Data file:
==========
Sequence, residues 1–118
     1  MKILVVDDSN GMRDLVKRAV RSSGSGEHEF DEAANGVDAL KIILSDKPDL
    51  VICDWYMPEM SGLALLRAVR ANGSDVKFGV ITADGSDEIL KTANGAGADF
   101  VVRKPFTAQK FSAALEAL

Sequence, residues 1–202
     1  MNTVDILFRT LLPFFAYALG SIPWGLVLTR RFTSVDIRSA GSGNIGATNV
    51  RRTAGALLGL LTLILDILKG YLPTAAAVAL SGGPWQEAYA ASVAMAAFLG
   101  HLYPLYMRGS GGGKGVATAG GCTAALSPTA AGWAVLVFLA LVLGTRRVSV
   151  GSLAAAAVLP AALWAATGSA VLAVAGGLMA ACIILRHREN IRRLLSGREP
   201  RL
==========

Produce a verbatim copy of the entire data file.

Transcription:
Sequence, residues 1–118
     1  MKILVVDDSN GMRDLVKRAV RSSGSGEHEF DEAANGVDAL KIILSDKPDL
    51  VICDWYMPEM SGLALLRAVR ANGSDVKFGV ITADGSDEIL KTANGAGADF
   101  VVRKPFTAQK FSAALEAL

Sequence, residues 1–202
     1  MNTVDILFRT LLPFFAYALG SIPWGLVLTR RFTSVDIRSA GSGNIGATNV
    51  RRTAGALLGL LTLILDILKG YLPTAAAVAL SGGPWQEAYA ASVAMAAFLG
   101  HLYPLYMRGS GGGKGVATAG GCTAALSPTA AGWAVLVFLA LVLGTRRVSV
   151  GSLAAAAVLP AALWAATGSA VLAVAGGLMA ACIILRHREN IRRLLSGREP
   201  RL